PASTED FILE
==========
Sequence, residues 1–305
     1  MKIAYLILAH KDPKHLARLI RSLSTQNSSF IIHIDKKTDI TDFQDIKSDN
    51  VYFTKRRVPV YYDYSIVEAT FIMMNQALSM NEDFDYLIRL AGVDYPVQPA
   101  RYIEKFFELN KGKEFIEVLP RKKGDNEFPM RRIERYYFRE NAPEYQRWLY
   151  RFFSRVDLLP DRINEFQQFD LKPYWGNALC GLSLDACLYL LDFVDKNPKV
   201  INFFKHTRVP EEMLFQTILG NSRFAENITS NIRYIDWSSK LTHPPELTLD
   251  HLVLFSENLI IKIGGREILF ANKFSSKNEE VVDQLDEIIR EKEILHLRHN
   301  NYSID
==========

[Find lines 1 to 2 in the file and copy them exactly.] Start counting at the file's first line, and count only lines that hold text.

Sequence, residues 1–305
     1  MKIAYLILAH KDPKHLARLI RSLSTQNSSF IIHIDKKTDI TDFQDIKSDN